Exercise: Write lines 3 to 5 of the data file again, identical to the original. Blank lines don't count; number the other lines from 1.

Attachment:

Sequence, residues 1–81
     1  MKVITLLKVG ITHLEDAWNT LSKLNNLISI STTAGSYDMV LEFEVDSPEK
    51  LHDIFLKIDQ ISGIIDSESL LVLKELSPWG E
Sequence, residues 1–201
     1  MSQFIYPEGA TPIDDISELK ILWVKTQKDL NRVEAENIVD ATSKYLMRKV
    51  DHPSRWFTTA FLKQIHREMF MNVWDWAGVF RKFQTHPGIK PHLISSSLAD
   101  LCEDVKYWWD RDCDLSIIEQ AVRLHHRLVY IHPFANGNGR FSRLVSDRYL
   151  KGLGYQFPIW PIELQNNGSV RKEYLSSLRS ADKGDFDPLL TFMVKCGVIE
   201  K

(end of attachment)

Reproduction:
    51  LHDIFLKIDQ ISGIIDSESL LVLKELSPWG E
Sequence, residues 1–201
     1  MSQFIYPEGA TPIDDISELK ILWVKTQKDL NRVEAENIVD ATSKYLMRKV